|14th Fighter-Interceptor Squadron|
Emblem of the 14th Fighter-Interceptor Squadron
|Branch||United States Air Force|
The 14th Fighter-Interceptor Squadron is an inactive United States Air Force unit. Its last assignment was with the 53d Fighter Group, stationed at Sioux City Municipal Airport, Iowa. It was inactivated on 1 April 1960.
World War IIEdit
Activated in early 1941 as part of the Southeast Air District, was equipped with a series of pursuit aircraft, stationed at Tallahassee Airport with a mission of air defense of Florida. After the Pearl Harbor Attack, The squadron was one of several hastily deployed to the Panama Canal Zone for the defense of the canal with the United States entry into World War II.
Deployed on 2 January 1942, stationed at Chame Airfield, Panama operating Bell P-39D Aircobras. By 16 February, the Squadron had 12 P-39D's (of which nine were airworthy) and not fewer than 26 pilots, but of these, only four had more than 12 months experience. Following its initial encampment at Chame #1, the Squadron moved to the nearby Chame #2 on 1 April 1942. The unit was redesignated as the 14th Fighter Squadron on 15 May 1942 in keeping with the USAAF scheme at the time.
Following the perceived end of the emergency need for the unit, it returned to the United States in early 1943 where it became a P-47 Thunderbolt, later P-51 Mustang replacement training unit (RTU) for III Fighter Command. Inactivated on 1 May 1944 as part of a reorganization of training units.
Reactivated by Continental Air Command (ConAC) in 1947 as a reserve Troop Carrier Squadron at Pittsburgh Airport Pennsylvania. Undetermined if manned or equipped, inactivated due to budget reductions in 1949.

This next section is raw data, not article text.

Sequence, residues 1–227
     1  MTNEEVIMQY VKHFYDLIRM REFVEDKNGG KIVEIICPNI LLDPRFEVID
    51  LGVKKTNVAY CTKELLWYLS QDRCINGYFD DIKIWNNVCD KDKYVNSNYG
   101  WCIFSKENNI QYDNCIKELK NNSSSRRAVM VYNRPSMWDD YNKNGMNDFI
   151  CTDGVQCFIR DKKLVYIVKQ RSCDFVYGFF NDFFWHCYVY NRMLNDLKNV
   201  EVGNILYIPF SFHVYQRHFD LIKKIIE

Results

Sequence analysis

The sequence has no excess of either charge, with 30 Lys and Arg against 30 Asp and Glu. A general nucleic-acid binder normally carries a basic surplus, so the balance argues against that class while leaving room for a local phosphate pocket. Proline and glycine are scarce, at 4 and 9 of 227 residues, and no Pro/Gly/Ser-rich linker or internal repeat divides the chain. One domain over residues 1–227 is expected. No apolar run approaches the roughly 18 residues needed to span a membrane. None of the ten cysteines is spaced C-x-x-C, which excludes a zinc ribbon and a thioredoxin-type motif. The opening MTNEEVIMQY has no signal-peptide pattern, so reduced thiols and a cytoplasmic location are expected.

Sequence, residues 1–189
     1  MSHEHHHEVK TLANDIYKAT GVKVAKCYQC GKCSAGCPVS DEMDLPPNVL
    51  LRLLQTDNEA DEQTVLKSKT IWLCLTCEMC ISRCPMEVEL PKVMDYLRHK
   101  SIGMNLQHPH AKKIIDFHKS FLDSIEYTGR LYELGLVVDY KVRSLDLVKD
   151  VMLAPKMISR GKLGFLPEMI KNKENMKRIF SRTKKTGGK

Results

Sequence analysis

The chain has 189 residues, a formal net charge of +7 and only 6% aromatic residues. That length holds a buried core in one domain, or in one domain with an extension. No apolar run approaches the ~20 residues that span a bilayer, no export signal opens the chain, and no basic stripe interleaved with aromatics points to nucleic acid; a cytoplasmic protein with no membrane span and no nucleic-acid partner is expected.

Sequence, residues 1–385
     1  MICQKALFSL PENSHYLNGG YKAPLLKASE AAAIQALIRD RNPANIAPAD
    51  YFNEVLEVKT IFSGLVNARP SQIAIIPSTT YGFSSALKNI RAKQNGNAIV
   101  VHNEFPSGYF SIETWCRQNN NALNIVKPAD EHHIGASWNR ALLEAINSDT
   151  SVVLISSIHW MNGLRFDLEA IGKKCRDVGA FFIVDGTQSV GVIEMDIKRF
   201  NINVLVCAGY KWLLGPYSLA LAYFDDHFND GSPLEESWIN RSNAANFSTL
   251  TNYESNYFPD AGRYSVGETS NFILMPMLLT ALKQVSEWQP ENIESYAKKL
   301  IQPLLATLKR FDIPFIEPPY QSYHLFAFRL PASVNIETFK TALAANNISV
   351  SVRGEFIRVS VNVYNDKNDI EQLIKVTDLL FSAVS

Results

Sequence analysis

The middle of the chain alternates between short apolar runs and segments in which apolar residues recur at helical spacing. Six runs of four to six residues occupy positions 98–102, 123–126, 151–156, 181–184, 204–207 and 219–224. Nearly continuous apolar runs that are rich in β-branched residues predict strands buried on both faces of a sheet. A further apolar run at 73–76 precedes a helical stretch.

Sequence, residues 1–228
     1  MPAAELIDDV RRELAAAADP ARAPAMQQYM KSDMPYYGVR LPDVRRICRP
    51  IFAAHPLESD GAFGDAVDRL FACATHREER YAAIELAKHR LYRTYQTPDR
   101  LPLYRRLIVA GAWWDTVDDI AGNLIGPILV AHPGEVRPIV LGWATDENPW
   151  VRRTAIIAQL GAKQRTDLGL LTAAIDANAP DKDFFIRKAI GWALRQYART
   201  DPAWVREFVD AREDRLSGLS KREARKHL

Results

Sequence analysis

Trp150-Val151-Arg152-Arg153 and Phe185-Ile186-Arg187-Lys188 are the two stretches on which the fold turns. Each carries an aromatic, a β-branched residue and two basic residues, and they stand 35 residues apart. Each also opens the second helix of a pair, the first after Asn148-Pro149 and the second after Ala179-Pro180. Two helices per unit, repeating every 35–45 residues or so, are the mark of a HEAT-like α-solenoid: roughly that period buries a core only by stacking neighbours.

Air Defense CommandEdit
Reactivated in 1953 as part of Air Defense Command as an air defense squadron, equipped with F-86D Sabre Interceptors and initially being assigned to Sioux City Municipal Airport, Iowa with a mission for the air defense the Great Plains. In 1957 began re-equipping with the North American F-86L Sabre, an improved version of the F-86D which incorporated the Semi Automatic Ground Environment, or SAGE computer-controlled direction system for intercepts. The service of the F-86L destined to be quite brief, since by the time the last F-86L conversion was delivered, the type was already being phased out in favor of supersonic interceptors.
Inactivated in 1960 as part of the phaseout of the F-86D from active ADC service.
- Constituted 14th Pursuit Squadron (Interceptor) on 20 November 1940
- Activated on 15 January 1941
- Redesignated 14th Fighter Squadron on 15 May 1942
- Disbanded on 1 May 1944
- Reconstituted on 3 June 1947
- Activated in the reserve on 13 July 1947
- Inactivated on 27 June 1949
- Redesignated 14th Fighter-Interceptor Squadron on 23 March 1953
- Activated on 18 November 1953
- Discontinued on 1 April 1960.
- 53d Pursuit (later Fighter) Group, 15 January 1941 – 1 May 1944
- Eleventh Air Force, 13 July 1947
- 375th Troop Carrier Group, 30 September 1947 – 27 June 1949
- 521st Air Defense Group, 18 November 1953
- 53d Fighter Group, 18 August 1955 – 1 April 1960
- MacDill Field, Florida, 15 January 1941
- Dale Mabry Field, Florida, 8 May – 18 December 1941
- Chame Airfield, Panama, 2 January-l0 November 1942
- Dale Mabry Field, Florida, 26 November 1942
- Drew Field, Florida, 6 January 1943
- Page Field, Florida, 5 February 1943
- Venice Army Airfield, Florida, 10 July 1943 – 1 May 1944
- Greater Pittsburgh Airport, Pennsylvania, 13 July 1947 – 27 June 1949
- Sioux City Municipal Airport, Iowa, 18 November 1953 – 1 April 1960
- Seversky P-35, 1941
- P-40 Warhawk, 1941
- P-39 Aircobra, 1941–1943
- P-51 Mustang, 1943
- P-47 Thunderbolt, 1943–1944
- F-86D Sabre Interceptor, 1953–1957
- F-86L Sabre Interceptor (SAGE), 1957-1960
- A Handbook of Aerospace Defense Organization 1946 - 1980, by Lloyd H. Cornett and Mildred W. Johnson, Office of History, Aerospace Defense Center, Peterson Air Force Base, Colorado
- Maurer, Maurer. Combat Squadrons of the Air Force: World War II. Maxwell Air Force Base, Alabama: Office of Air Force History, 1982.
- Hagdedorn, Dan (1995), Alae Supra Canalem: Wings Over the Canal, Turner Publishing, ISBN 1563111535
|This page uses Creative Commons Licensed content from Wikipedia (view authors).|